JNU students’ union president Umar Khalid was attacked by assailants outside the Constitution Club near Parliament House on August 13, 2018 (Photo: Twitter)
The abortive attempt on the life of Jawaharlal Nehru University’s rusticated student Umar Khalid in a high-security area in New Delhi close to Parliament House is a pointer to the cult of violence that is permeating the nation at large. It would, however, be foolhardy not to admit that misguided elements like Khalid have contributed strongly to the vitiated atmosphere that prevails. Khalid has been making incendiary statements which are a provocation to violence and criminal activity. That Khalid is on trial for sedition is a test case to determine how far a person can go in terms of democratic dissent.
On Monday, Umar Khalid was involved in a scuffle with an assailant whose pistol failed to fire because it got jammed, saving him by a whisker. Ironically, the incident happened outside the Constitution Club where Khalid was to participate in an event “Khauf se azaadi: Towards freedom without fear” organised by an NGO ‘United against hate.’
While it is shocking that Khalid’s lone assailant escaped after dropping his pistol in an area where there should have been fool-proof security, it is strange that such a man as Khalid is on bail for six months in a sedition case. It only strengthens the feeling that we have weak-kneed laws to deal with such cases and the interpretation of the law is still evolving.
Khalid said he had approached the police for protection two months prior but the police on its part claimed that they could not reach him because he was constantly on the move.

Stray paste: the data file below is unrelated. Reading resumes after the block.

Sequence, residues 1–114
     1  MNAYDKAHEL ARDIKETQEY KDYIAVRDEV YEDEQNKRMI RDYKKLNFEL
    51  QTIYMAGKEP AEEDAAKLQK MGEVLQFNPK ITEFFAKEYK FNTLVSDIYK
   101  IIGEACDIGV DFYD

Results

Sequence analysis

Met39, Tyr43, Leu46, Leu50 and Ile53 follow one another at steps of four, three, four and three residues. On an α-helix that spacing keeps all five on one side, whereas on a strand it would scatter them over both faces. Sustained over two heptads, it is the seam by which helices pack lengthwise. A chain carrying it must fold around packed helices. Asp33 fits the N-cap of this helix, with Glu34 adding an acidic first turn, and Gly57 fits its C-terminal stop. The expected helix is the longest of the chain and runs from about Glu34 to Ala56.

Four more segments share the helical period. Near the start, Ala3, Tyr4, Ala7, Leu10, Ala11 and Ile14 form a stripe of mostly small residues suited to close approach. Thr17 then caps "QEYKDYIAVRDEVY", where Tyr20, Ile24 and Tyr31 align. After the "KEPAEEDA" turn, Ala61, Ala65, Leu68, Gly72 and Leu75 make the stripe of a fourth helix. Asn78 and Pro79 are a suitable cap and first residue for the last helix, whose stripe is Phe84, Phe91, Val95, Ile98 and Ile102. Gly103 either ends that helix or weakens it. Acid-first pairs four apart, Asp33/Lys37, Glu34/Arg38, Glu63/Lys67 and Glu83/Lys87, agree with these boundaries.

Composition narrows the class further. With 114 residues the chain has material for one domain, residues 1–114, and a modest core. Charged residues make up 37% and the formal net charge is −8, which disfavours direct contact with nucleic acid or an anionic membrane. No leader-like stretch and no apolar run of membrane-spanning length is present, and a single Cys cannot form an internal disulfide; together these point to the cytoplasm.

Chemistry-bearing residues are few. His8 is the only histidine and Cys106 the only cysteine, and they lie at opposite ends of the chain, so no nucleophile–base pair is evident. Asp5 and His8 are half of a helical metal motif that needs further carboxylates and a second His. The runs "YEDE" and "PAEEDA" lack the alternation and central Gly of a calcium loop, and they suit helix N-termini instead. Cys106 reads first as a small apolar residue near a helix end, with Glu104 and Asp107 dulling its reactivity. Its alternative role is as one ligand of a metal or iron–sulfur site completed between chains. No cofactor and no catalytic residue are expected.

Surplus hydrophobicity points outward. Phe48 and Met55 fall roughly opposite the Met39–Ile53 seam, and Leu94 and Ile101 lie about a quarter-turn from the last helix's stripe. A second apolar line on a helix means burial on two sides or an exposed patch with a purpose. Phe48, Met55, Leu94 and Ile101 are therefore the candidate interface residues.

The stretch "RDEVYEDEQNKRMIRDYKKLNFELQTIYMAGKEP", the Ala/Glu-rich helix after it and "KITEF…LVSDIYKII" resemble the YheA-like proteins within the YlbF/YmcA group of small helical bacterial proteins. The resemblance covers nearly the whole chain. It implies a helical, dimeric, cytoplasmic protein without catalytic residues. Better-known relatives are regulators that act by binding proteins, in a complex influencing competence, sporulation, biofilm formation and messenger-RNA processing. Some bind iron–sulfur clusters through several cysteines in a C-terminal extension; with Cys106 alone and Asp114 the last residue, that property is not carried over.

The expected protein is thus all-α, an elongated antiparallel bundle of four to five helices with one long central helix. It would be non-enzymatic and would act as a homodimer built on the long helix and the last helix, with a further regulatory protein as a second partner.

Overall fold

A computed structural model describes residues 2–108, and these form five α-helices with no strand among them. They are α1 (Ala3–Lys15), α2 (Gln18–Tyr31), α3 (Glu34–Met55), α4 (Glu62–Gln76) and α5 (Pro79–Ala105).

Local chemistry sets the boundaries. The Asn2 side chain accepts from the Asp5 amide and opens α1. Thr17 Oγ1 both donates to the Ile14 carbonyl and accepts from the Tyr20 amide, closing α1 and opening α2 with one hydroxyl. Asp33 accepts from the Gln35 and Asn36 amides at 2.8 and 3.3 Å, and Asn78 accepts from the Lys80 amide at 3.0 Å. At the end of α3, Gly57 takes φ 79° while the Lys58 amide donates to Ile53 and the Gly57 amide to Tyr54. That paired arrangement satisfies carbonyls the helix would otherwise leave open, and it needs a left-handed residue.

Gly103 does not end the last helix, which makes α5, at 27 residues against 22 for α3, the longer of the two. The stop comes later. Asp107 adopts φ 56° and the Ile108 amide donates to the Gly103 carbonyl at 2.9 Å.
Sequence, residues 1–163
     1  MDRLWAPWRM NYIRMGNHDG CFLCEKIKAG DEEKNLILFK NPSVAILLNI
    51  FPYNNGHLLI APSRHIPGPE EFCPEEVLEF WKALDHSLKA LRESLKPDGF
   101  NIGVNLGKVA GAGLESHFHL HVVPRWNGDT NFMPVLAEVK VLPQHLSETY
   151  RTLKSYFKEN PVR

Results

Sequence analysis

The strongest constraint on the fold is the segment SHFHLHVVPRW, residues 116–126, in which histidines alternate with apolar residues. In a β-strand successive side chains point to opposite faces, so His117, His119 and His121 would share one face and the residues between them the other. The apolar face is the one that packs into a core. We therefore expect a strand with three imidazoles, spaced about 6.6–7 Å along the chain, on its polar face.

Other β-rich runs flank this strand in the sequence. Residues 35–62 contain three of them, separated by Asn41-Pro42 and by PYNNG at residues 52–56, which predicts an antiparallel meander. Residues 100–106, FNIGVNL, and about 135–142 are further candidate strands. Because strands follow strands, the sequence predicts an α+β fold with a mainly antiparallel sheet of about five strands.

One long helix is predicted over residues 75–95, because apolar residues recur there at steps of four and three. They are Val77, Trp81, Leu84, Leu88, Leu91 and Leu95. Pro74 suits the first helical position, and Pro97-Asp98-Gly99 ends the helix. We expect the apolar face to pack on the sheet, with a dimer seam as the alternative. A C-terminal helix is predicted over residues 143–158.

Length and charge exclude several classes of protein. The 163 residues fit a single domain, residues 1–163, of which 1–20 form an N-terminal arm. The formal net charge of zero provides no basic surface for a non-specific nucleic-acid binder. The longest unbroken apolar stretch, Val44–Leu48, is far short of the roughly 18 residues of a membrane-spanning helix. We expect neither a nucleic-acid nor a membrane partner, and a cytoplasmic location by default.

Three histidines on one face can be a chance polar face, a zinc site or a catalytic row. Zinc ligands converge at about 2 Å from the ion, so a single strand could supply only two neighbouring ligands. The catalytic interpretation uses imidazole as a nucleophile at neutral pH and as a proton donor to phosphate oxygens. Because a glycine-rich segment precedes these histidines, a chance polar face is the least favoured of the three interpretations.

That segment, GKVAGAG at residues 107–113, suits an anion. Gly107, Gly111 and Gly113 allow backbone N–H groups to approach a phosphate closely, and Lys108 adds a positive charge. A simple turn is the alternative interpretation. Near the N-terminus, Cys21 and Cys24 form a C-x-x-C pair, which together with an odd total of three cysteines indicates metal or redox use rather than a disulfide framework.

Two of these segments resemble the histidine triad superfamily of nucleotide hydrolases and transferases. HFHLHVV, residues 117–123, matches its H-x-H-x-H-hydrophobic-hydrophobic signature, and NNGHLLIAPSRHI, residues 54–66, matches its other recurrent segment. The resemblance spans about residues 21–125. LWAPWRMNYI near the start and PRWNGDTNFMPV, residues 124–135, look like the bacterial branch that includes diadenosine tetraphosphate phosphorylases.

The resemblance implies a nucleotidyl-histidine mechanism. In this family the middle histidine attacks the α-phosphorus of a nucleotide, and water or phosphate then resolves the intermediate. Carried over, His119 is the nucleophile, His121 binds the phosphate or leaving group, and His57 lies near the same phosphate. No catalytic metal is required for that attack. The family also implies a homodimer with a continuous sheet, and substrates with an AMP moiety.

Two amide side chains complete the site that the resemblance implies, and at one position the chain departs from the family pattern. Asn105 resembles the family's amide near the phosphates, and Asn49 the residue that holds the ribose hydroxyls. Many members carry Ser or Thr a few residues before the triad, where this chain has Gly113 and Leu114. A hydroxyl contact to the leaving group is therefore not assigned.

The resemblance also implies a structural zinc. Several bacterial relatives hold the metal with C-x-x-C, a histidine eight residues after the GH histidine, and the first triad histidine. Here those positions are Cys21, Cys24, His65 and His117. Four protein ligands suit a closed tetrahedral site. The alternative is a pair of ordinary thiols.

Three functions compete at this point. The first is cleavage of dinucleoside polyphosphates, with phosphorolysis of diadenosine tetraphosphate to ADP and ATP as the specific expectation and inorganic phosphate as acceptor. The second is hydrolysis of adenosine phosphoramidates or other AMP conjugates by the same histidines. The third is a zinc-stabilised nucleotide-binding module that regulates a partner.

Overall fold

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Sedition cases must be tried by special courts and must be dealt with without delays. At the same time, it was important for the police to keep a close watch on Khalid’s activities in view of his intemperate speeches and provocative actions. That an important venue for seminars and other events was not equipped with adequate security speaks poorly of the Delhi police which is under the charge of the Central government.
It is a measure of the lack of fear of law that hours after his release from Tihar jail in the sedition case two years ago, Umar Khalid said he had no regrets of being jailed and was rather proud of being booked under the said charges. This reflects a degree of defiance that is disconcerting.
Umar Khalid and fellow students Anirban Bhattacharya and the then JNU students’ union president Kanhaiya were arrested on charges of sedition for their involvement in a controversial event organised on the JNU campus to protest the hanging of Afzal Guru, a young Kashmir terrorist.
While the law on sedition needs to be re-looked at because it dates back to the British days, there is a case for it to be applied with greater force to act as an effective deterrent against anti-national activity.
There is also the aspect of trial by the media which must be eschewed in the interests of justice and fairplay. Khalid’s supporters complain that some TV news channels went to town against Khalid, waging a crusade against him which pre-judged the issue and would have possibly influenced the course of justice.
Every sedition case has a common defence that the action was done in pursuance of Article 19(1) (a). i.e. it was his freedom of speech under which he made those statements. But what many are not aware of is Article 19(2) which states that a speech or an act should not be something which can invoke or incite others against the state. If something is capable of causing unrest in the nation, it can’t be defended by using Article 19(1) (a). Such an act which incites others to destroy the unity and integrity of the nation will be termed sedition and not free speech.
Whether the statements of Khalid, Anirban and Kanhaiya would stand judicial scrutiny will be revealed when the judgments come out. But for now, while Khalid must be provided due protection, he must desist from inflaming feelings against the nation.